Because we do a lot of our communication electronically these days, it can be easy to let in-person communication skills fall by the wayside. Whether that means staring at your incoming emails while an employee is trying to talk to you or simply letting your mind wander when you’re on a conference call, you can take physical steps to make your communication come across better. Making eye contact is one easy way to improve face-to-face conversations, as is taking you hands out of your pockets and adopting a comfortable, open stance. On the phone, try smiling or maintaining a neutral expression. And do your best not to read emails or attend to other tasks while on the phone. The other person will notice.

Cultivate Good Listening Skills

Listening is not antithetical to communication. In fact, listening can be one of the best communication solutions. Office managers often have to act as a liaison between different departments and even different offices. This means that it is especially important that you are able to listen to the needs of different employees and managers so that you can effectively communicate them to others. While good listening is important in all scenarios, pay close attention to your own attention when it comes to employees offer suggestion or ideas, team collaboration environments, and emotional situations. Unfortunately, communication solutions are not one size fits all. Some offices communicate better via email while others prefer phone calls or meetings. Use these communication tips to better understand what your office needs and how you can be a more effective manager through communication.  

From ATI

Scared of Speaking?

February 11, 2016 – Widely known as the #1 fear among Americans, public speaking can be a scary thing. According to the Statistic Brain Research Institute, about 74% of people report they have some form of speech anxiety. That’s the feeling you get right before a big presentation or speech that produces symptoms like sweaty palms, an upset stomach, and maybe even body trembling. It’s annoying, distracting, and most people would agree they’d like to have some tools to stop it from happening. The good news is that it is possible to control the problem, but it takes some practice and preparation. Here are our 5 public speaking tips to help decrease the anxiety for better public communication:
  1. Preparation is Key

The problem for public speaking is usually the nervousness it causes. However, those nerves can be significantly decreased with proper preparation. Going over and outlining exactly what it is you will say helps to improve the delivery of your speaking as well as the quality of the information you are presenting. Most often, public speaking goes horribly wrong when someone has not thought through or practiced what they were going to say beforehand. Also, if you will be public speaking time and time again, ask someone to videotape it so you can identify some of the unconscious things you do that may be distracting to your audience.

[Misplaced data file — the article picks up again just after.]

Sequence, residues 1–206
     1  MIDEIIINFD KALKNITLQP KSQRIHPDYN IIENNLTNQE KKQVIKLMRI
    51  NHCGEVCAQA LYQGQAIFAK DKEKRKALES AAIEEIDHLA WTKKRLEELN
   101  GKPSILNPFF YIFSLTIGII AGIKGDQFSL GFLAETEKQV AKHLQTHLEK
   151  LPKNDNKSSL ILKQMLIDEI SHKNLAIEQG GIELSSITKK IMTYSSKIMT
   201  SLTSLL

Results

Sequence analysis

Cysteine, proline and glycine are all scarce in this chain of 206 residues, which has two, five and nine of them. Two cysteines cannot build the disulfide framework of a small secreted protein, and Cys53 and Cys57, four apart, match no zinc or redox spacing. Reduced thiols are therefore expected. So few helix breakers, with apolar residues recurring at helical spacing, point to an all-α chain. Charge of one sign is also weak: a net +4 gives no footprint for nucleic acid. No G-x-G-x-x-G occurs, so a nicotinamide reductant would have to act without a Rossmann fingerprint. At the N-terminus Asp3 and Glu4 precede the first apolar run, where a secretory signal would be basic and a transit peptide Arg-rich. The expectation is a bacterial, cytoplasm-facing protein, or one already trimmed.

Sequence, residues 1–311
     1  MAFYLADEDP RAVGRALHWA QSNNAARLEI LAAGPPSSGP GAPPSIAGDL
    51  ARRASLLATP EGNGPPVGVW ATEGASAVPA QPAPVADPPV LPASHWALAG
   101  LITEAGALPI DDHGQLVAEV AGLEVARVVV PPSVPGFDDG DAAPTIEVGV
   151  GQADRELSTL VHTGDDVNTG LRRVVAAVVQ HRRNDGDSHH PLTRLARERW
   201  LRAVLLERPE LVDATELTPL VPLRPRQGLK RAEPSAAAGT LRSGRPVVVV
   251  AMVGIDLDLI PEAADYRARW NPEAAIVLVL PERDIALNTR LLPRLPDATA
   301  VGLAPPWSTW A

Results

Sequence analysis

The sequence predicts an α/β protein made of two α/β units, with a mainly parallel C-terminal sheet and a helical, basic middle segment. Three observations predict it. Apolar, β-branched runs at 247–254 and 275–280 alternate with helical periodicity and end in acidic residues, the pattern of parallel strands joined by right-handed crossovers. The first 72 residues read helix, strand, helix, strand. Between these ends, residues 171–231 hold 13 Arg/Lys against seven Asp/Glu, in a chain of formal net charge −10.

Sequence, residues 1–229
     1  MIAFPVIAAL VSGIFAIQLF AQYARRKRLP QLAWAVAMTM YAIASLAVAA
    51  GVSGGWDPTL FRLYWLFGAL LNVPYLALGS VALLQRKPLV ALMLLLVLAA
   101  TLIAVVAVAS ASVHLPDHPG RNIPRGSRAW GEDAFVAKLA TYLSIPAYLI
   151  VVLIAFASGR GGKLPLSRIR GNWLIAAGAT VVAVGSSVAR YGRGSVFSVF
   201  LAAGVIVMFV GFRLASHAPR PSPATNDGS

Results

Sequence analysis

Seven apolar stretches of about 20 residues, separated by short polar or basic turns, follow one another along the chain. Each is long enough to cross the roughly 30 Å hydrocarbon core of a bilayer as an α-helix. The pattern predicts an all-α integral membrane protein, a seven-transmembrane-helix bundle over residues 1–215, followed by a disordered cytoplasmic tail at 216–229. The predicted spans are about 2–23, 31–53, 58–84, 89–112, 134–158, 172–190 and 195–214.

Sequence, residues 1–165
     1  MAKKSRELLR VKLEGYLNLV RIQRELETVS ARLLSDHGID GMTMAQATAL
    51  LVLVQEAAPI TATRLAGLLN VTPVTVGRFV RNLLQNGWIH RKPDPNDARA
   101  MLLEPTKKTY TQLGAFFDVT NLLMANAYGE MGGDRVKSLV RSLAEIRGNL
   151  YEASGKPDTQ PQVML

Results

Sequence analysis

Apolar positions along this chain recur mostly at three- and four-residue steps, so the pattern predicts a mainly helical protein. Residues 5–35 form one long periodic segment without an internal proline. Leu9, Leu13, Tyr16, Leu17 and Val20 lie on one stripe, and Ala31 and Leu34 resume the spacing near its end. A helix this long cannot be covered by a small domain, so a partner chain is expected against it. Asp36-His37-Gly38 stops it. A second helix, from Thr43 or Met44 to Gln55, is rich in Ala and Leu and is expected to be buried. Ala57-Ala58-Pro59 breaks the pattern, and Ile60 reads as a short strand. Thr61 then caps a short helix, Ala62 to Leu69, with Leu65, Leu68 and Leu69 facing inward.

1. Focus on the Opportunity

Many times we are so focused on “getting it over with” when it comes to public speaking that we don’t give any appreciation to the opportunity we have been given. You have been asked to speak to a particular audience because your knowledge and expertise is of value to them, and that’s something to embrace and appreciate. When you walk into a public speaking environment, try to change your mindset from simply getting through it to an opportunity for you to educate and help others.
  1. Make Eye Contact

Eye contact has always been an important communication tool, and even in today’s tech-savvy world, eye contact remains key when it comes to public speaking. Don’t just gaze over the eyes of your listeners either, try to look deeply into them. Doing so makes the audience feel a direct connection with the speaker, keeping them engaged and eager for more of what you are saying.
  1. Make Friends with TED

There are some amazing public speakers out there today, and they are available right at your fingertips. TED Talks are some of the most viewed and highly-rated public speakers today. Observe the various ways they are able to connect and motivate their audiences, then try to replicate those observations within your own speech delivery.
  1. Watch Your Watch

Did you know the average attention span of an adult is 20 minutes? A common problem among many public speakers is talking too long talking about something they’ve already articulated their point about. Making the first 20 minutes of your speech the most informative and dynamic it can be is key to an effective delivery. If you are talking for longer than 20 minutes, it’s also your opportunity to capture the attention of the audience so you can keep them engaged with you for the rest of the presentation. We do hope these 5 public speaking tips (along with a few deep breaths beforehand!) will help you to become the most dynamic and engaging public speaker possible.

From ATI
Keeping employees motivated during all times of the year can be difficult but especially challenging in winter months with holidays causing distraction and cold dreary weather singing the blues. However there are a lot of ways to keep employees motivated and you’ve probably heard a few, but do you know that your data solutions can help you implement some employee motivation tactics? Keep reading to find out how.